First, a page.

CASINO

Bankruptcy judge unlikely to shield Caesars from lawsuits

TAGs: Benjamin Goldgar, Caesars Entertainment, Leonard Postrado

Struggling casino operator Caesars Entertainment Corp. (CEC) is bracing itself from a volley of future bondholder lawsuits as a federal judge hearing its bankruptcy case may not push the shield button.

Bankruptcy judge unlikely to shield Caesars from lawsuitsOn top of that, Casesars’ plea for a $900 million bailout has fallen on the deaf ears of the company’s majority shareholders, Apollo Global Management and TPG capital.

Bloomberg reported that U.S. Bankruptcy Judge A. Benjamin Goldgar, which is expected to decide on Friday whether to extend a halt on lawsuits in New York and Delaware, is unlikely award Caesars with a bondholder lawsuit protection lawsuits that would last as long as its insolvent operating company is in bankruptcy

Judge Goldgar offered hints of his likely decision near the end of a three-day hearing of Caesar’s petition to extend a ban on the lawsuits, which is crucial to making progress toward a settlement with creditors, Reuters reports.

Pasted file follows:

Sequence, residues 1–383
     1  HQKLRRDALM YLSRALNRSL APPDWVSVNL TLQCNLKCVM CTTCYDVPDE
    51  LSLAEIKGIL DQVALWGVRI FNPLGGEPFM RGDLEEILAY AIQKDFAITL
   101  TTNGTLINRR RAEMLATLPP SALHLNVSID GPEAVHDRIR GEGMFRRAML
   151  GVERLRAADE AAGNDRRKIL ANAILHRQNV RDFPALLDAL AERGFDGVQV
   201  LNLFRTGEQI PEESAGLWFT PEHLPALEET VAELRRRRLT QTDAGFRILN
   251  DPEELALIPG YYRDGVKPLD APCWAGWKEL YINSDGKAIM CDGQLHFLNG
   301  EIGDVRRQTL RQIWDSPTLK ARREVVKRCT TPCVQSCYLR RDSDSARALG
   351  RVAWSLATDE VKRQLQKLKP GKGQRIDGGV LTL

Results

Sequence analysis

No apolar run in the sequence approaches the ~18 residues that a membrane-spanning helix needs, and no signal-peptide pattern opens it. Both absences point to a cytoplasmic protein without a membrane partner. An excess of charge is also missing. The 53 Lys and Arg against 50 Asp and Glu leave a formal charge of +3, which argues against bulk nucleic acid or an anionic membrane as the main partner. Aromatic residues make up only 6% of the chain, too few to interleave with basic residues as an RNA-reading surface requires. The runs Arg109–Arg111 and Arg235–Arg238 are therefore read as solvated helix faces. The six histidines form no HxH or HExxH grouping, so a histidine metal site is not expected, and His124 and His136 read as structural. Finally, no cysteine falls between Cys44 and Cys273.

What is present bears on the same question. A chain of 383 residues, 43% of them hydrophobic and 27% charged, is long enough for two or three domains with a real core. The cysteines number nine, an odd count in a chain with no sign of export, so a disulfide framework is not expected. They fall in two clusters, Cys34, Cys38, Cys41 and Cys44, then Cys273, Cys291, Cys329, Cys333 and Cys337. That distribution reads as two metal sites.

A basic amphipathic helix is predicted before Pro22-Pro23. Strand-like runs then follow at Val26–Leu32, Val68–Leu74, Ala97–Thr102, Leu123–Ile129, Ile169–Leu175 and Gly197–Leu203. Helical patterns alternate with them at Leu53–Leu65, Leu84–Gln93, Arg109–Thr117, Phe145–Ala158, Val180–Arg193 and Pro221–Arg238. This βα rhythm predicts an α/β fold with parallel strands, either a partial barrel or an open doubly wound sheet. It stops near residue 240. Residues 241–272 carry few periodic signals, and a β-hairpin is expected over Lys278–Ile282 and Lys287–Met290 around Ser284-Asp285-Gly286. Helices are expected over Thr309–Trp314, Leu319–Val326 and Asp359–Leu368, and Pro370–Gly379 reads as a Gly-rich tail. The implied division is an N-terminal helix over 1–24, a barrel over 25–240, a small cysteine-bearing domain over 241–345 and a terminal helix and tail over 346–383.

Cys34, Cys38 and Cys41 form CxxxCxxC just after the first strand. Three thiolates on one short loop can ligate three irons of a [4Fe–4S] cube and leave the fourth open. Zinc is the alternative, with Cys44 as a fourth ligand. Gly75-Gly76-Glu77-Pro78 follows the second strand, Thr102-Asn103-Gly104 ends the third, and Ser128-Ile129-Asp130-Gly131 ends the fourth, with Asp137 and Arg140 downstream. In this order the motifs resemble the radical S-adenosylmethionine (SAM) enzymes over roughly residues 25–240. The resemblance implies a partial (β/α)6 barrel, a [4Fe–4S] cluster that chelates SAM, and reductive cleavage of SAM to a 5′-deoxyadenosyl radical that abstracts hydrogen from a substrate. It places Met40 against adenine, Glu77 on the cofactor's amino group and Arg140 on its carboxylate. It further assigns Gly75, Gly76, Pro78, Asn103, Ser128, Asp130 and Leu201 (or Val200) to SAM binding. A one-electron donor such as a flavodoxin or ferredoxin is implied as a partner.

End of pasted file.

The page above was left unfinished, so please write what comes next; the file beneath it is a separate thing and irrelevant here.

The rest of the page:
“I’ve said that isn’t going to happen,” the bankruptcy judge pointed out, contending that Caesars Entertainment Operating Co. (CEOC) should win first approval the approval of its reorganization plan, which can’t happen until next year at the earliest.

The lawsuits are the biggest obstacle left to getting Caesars’ main operating unit out of bankruptcy.

Under Caesars’ original restructuring plan, junior creditors would have received only around 10 cents on the dollar. The company has been forced to significantly sweeten its restructuring offer to junior creditors ever since an investigator’s report into its controversial pre-bankruptcy asset transfers concluded that potential damage awards to creditors could cost CEC over $5 billion.

To boost their recovery to more than the 34 percent of Caesars’ offers, bondholders took Caesars to court.

But adding to Caesars’ problem was the supposed decision Apollo and TPG has ditched a pledge to repay CEOC’s debts and divided the business into a profitable “good Caesars” with few debts and a “bad Caesars” that could be put into bankruptcy.

Also, the private equity firms ignored Caesars plea for $990 million to help lift it out of bankruptcy.

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